Fibrosis progression in maintenance liver transplant patients with hepatitis C recurrence: a randomised study of everolimus vs. calcineurin inhibitors
Article first published online: 15 DEC 2013
© 2013 John Wiley & Sons A/S. Published by John Wiley & Sons Ltd
Volume 34, Issue 10, pages 1513–1521, November 2014
How to Cite
Liver Int. 2014; 34: 1513–1521
- Issue published online: 13 OCT 2014
- Article first published online: 15 DEC 2013
- Accepted manuscript online: 25 NOV 2013 11:27AM EST
- Manuscript Accepted: 18 NOV 2013
- Manuscript Received: 8 MAY 2013
- Novartis Pharma AG
- mTOR ;
Background & Aims
Robust clinical data evaluating fibrosis progression in hepatitis C virus (HCV) liver transplant patients receiving an mTOR inhibitor vs. calcineurin inhibitor (CNI) are lacking. To evaluate fibrosis progression in maintenance liver transplant patients receiving everolimus- or CNI-based immunosuppression.
In a randomised, multicentre, open-label study, 43 maintenance liver transplant patients with recurrent HCV infection were randomised to continue CNI-based immunosuppression or switch to everolimus.
For patients with biopsy data at month 12, mean Ishak–Knodell fibrosis score at baseline was 2.6 ± 0.9 (n = 14) with everolimus vs. 1.9 ± 1.1 (n = 18) with CNI (P = 0.043), and 1.9 ± 1.2 vs. 2.2 ± 1.3 at month 12. Ishak–Knodell fibrosis score decreased from baseline to month 12 by a mean of −0.7 ± 1.1 with everolimus, but increased by 0.2 ± 1.2 with CNI (P = 0.046). No acute rejection or graft losses occurred up to month 12. Estimated GFR at month 12 was 65.6 ml/min/1.73 m2 with everolimus and 62.2 ml/min/1.73 m2 with CNI [mean difference 3.4 ml/min/1.73 m2 compared to CNI control group, 95% CI −4.9, 11.8 ml/min/1.73 m2, P = 0.411 (analysis of covariance adjusting for baseline GFR)]. Adverse events occurred in 95.5% of everolimus patients and 71.4% of CNI patients (serious adverse events 31.8% and 0.0%, respectively). Adverse events led to everolimus discontinuation in five patients (22.7%).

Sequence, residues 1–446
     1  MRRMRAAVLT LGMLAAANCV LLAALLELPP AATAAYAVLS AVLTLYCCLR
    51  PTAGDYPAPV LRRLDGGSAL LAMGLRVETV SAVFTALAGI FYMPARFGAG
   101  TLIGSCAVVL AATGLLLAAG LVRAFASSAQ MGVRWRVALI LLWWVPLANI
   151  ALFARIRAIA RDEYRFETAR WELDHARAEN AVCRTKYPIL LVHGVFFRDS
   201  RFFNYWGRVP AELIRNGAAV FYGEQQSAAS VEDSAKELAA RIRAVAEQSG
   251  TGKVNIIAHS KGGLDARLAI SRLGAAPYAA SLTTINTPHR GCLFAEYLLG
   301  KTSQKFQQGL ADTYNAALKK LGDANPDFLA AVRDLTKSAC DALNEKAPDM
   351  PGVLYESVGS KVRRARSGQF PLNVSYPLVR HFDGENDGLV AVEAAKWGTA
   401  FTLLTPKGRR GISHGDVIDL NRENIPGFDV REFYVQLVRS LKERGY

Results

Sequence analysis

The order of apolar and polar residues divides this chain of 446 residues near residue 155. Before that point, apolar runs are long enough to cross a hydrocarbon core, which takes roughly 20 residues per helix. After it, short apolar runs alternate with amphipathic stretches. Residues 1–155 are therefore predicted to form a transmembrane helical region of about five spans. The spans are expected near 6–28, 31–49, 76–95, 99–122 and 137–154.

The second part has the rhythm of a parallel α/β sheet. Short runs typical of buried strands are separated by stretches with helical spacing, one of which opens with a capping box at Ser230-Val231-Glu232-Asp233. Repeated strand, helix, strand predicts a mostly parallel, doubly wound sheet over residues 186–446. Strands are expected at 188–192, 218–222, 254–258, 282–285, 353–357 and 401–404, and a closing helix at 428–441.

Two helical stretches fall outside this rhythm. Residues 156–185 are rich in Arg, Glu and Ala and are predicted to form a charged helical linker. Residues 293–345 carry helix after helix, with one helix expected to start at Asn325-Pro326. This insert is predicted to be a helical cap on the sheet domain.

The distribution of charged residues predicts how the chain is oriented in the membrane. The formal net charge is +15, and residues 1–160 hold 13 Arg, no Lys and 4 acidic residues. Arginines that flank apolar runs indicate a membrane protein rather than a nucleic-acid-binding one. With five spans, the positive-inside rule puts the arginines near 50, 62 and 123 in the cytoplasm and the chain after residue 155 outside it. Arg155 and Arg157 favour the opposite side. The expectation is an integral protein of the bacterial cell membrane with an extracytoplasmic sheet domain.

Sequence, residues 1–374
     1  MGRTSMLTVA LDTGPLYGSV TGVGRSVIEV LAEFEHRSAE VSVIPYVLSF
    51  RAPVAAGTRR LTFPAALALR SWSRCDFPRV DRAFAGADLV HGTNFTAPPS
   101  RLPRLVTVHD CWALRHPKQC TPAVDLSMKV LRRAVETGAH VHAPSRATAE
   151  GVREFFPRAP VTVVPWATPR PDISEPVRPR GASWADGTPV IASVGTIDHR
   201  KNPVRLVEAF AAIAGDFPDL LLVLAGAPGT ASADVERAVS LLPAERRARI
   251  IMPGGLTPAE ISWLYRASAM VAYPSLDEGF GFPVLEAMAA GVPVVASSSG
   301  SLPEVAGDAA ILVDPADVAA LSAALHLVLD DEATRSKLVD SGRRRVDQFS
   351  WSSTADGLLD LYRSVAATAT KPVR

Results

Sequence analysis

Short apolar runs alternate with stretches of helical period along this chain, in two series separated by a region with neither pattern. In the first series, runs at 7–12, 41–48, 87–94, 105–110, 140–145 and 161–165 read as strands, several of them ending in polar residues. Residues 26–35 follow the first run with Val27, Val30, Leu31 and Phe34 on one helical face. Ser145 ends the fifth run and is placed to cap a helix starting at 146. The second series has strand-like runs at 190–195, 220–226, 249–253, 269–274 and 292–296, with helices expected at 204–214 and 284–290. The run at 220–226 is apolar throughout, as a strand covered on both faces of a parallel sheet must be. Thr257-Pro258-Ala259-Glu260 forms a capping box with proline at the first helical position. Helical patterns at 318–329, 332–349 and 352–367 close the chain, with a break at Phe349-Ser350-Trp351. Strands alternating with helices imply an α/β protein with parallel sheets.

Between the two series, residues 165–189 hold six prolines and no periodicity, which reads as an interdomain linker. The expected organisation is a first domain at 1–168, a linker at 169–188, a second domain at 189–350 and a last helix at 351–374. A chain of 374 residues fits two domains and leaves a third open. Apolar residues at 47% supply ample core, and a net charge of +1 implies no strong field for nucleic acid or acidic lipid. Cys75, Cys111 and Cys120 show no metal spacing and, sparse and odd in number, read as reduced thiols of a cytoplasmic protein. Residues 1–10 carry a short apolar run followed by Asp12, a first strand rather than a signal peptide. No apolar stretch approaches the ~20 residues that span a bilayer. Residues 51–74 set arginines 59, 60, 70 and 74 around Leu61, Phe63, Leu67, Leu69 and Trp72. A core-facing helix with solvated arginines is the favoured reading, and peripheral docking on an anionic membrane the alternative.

This exploratory study suggests that conversion from CNI to everolimus reduces progression of liver fibrosis, and preserves renal function without jeopardising efficacy in liver transplant recipients with recurrent HCV, but is associated with a higher incidence of adverse events and serious adverse events. These preliminary findings merit examination in a larger trial.